Dr Elifas N. Junias
Parasites like ticks and worms can develop resistance against drugs when dosed incorrectly.
Resistance means that the drug does not work effectively against the parasite anymore and the parasites continue to burden the animal, despite treatment. Anti-parasitic drug resistance is becoming a major problem worldwide and Namibia is not an exception. Communal farming areas tend to be particularly affected, due to a lack of knowledge about the correct use of anti-parasitic drugs and people taking advantage of farmers.
Deworming, sometimes also referred to as drenching, is the process of ridding animals off worms living in the animal’s body, with a dewormer (which is an anti-parasitic drug). Controlling these worms is important in order to prevent economic losses due to heavy worm infestations that can lead to both decreased production and reproduction. Certain internal parasites can also be zoonotic (lead to diseases in humans).
It now happens that lay-people, without any training or sufficient knowledge on parasite control are buying anti-parasitic drugs and walking around villages treating livestock. These people often choose the incorrect drug, they dose the wrong amount and they do not know when the treatment needs to be repeated. These individuals price as they wish, wasting the farming community’s money. In many instances the farmer does not even have a guarantee that the paid for drug was really administered, it could have been merely water.
When an animal is given a dose of dewormer, not all the worms necessarily die and surviving worms, having now been exposed to the drug, can pass on their resistant genes to their offspring, rendering the previously used dewormer increasingly ineffective on the farm in the future. In order to prevent an increasing number of resistant worms on a farm, with subsequent uncontrolled worm infestations and economic losses in future, one needs to:
a) Have good management on your farm.
This includes treating the right animals. Only animals clearly suffering from worm infestations should be treated and not blanket treatment to all animals every time. Your veterinarian or animal technician can help you with scoring individual animals and using a FAMACHA and 5-point system.
b) Choose the appropriate dewormer and deworming strategy (as advised by a trained animal technician, pharmacist or your local veterinarian). An example of a strategy often used to prevent resistance forming, is to rotate dewormers (from different chemical classes), to ensure you also kill genetically modified parasites that were not killed by the previous drenching.
c) Drench the chosen drug at the correct dose and give it at the correct frequency.
Anti-parasitic resistance in the communal areas primarily arise as a result of under-dosing the drug or giving diluted drugs; this means the animals get less drug than needed and the drug cannot work.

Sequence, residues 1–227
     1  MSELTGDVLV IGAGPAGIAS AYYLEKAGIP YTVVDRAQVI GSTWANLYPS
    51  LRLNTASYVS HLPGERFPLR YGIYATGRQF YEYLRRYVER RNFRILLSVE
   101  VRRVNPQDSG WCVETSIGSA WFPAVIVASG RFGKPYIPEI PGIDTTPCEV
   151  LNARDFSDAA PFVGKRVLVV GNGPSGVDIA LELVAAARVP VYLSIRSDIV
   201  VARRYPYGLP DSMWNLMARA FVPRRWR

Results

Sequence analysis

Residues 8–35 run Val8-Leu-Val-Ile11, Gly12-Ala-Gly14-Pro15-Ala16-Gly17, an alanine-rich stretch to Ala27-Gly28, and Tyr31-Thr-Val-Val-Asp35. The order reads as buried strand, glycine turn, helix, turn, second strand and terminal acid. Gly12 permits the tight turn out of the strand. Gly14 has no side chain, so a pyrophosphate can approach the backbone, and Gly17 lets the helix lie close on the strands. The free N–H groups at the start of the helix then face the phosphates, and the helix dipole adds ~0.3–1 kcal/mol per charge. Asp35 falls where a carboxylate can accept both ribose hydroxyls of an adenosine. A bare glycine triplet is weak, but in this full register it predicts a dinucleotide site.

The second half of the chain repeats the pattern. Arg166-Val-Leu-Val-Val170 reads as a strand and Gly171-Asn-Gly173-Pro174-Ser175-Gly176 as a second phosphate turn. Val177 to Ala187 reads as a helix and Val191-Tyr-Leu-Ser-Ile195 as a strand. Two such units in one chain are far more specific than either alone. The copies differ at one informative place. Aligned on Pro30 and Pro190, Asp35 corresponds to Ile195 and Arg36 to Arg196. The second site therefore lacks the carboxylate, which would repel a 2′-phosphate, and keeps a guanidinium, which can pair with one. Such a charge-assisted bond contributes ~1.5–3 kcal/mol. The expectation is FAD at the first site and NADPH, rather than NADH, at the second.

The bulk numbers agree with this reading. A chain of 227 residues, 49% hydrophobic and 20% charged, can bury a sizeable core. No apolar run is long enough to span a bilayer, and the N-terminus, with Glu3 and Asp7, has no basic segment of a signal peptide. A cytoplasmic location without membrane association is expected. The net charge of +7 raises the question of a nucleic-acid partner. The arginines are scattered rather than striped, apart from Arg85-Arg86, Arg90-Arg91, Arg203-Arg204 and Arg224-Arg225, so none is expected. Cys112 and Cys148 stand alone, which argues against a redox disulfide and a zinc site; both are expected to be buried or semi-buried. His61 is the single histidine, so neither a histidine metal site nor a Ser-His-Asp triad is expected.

If parasites become resistant, farmers will spend money on drugs, which are not effective and their animals will fail to grow and reproduce, and even die. Therefore, its good practice to deworm your following the directions clearly outlined on the drug’s package insert, following directions given by a pharmacist or a veterinarian where the drugs were purchased. In this way, you will achieve maximum effects and it will be worth your money spent.
Veterinarians are there to assist farmers in making good choices for their animals on a daily basis, not just for crisis management. Parasite epidemiology plays an important role on which dewormers to use, and your local veterinarians that know the area and diseases in the area well, are best to advise you on which dewormers to buy according to your environment.
Some internal parasites are environment bound, for example, liver-flukes need low-lying, marshy ground, covered with water and snails to complete their lifecycle, which means deworming against them may not be a priority in areas without stagnant water. That professional knowledge is needed to avoid spending money on drugs, which are not essential in your herds.
Communal farmers training for both external and internal parasite control can be done during the time when animal health technicians together with their extension officers do compulsory vaccinations. Such training can include a practical demonstration of administrating drugs and discuss the decision making process.
I would like to use this opportunity to advise livestock keepers to make sure they get the right person to do the right work and give the right advice for their animals. You as a farmer can buy your own dewormers (and other anti-parasitic drugs) based on the advice of a knowledgeable person, and treat your own animals. This will save your money, it will save your animals and it will help prevent anti-parasitic resistance in future.